• Your point 2 is a good response: It is analogous and clear.
    – rus9384
    Commented Jul 12, 2018 at 13:05

Your premise is false. It is not 'just as right' to buy something 1 minute after a deadline as it is to buy something one minute before. The chance of getting in trouble legally is slim, but non-zero. (let's call it, 'a little bit naughty')

Every minute after the deadline, your chance of getting in trouble increases (probably exponentially) until it reaches some upper limit.

Everyone will have a different limit that they find the 'cut off' between 'stretching the rules' and 'breaking the rules' and where they personally see the confluence of 'illegal' and 'unethical.' and this will be highly context-dependent.

  • Well, yes, I see the point that the premise itself can be argued to be wrong. But the thing is that strictness of laws may be considered wrong, what's in this case?
    – rus9384
    Commented Jul 12, 2018 at 13:09
  • Well, it depends on the law, and whether or not it really does matter whether something happens before or after a certain time. for instance, a time-limited parking restriction may be in place to stop people blocking a school during the times school buses are arriving. It really is significantly worse to park in the wrong place before 09:00, because after that all of the children will be in classes.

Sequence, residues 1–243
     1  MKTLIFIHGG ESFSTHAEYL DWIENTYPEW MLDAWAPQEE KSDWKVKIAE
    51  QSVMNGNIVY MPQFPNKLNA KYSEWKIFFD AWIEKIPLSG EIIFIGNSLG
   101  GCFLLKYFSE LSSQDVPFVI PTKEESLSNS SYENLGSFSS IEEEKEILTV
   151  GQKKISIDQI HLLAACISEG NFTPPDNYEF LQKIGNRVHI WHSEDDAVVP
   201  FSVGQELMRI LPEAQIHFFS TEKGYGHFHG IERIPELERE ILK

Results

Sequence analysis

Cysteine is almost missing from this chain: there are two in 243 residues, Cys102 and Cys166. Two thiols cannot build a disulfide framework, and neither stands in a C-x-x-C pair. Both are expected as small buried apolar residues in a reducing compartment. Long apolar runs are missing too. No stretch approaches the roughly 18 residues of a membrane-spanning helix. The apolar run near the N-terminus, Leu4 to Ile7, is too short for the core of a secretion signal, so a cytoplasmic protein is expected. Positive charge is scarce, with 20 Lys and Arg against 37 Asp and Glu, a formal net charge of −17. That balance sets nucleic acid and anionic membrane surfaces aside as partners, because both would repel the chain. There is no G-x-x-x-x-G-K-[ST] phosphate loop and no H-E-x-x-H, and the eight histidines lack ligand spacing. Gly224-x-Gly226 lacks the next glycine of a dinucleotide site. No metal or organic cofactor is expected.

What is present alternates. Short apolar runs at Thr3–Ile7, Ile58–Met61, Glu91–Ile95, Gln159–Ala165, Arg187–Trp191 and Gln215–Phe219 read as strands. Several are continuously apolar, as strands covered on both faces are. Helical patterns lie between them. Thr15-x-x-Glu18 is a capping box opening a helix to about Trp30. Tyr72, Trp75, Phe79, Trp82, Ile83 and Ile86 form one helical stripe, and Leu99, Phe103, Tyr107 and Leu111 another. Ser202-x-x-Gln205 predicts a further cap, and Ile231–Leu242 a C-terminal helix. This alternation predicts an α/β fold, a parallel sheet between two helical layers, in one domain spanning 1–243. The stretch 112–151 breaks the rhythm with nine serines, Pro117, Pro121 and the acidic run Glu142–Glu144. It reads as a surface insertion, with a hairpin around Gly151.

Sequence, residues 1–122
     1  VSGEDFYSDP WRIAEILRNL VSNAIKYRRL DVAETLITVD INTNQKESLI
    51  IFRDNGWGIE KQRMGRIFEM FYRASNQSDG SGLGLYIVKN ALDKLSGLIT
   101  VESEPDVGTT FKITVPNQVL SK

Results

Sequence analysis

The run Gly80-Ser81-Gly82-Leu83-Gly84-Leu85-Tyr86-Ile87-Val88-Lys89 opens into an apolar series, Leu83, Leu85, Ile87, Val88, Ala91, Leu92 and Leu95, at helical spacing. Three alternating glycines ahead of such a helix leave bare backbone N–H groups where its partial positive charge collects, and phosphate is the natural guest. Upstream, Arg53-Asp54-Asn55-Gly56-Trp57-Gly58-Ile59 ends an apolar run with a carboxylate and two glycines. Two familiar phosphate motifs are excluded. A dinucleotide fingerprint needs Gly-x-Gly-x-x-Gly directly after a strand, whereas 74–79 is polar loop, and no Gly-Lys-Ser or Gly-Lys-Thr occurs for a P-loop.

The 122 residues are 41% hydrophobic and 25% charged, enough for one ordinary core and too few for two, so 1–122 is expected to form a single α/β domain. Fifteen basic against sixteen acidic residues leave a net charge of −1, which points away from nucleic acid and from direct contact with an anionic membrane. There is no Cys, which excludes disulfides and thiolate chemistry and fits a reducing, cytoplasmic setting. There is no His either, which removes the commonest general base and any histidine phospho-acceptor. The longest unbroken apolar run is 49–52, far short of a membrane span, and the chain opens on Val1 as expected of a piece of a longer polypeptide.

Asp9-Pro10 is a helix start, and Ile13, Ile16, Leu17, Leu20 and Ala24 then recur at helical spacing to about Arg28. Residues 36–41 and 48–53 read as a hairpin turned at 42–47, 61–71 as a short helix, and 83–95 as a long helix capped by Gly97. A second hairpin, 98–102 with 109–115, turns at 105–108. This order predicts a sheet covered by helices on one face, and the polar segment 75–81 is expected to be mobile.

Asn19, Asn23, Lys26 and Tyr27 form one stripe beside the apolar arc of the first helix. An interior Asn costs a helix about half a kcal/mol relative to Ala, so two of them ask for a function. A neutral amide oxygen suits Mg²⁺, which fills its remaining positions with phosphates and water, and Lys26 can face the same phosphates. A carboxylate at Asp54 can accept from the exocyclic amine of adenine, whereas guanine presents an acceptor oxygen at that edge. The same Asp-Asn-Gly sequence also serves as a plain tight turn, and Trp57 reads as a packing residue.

– JeffUK
    Commented Jul 12, 2018 at 13:14

I think you are hitting on another issue. What are the reasonable limits and discretion allowed to law enforcement?

So it isn't just time boundaries such as mandated closing. It's a huge variety of things. You must be [x] years of age to drink alcohol, sign contracts, own real estate, drive a car, run for president. You can't drive faster than the speed limit. You must be this tall to ride this ride. You must be a citizen to vote, run for office, etc. We don't allow weapons here, not even somebody holding their fingers to pretend it's a gun.

What degree of discretion is permitted and reasonable to the enforcers? If too much then they become the rule makers. If too little then they are often seen as tyrannical. "Come on! I was one mile per hour over." "That's the law. Here's your ticket." "What do you mean he can run for POTUS? He was born in Alberta!"

I don't think there are hard and fast principles here. These are issues that get into the sloppiness of culture and community and politics. It's an issue that will get compromised on to a huge degree, not rarely because somebody can see benefit to themselves from deciding one way or the other. Often it will be decided as what the most people will accept or fewest will get really angry about. Occasionally corrected by some government moving the boundaries. And by such things as merchants noting that "zero tolerance" is bad for business.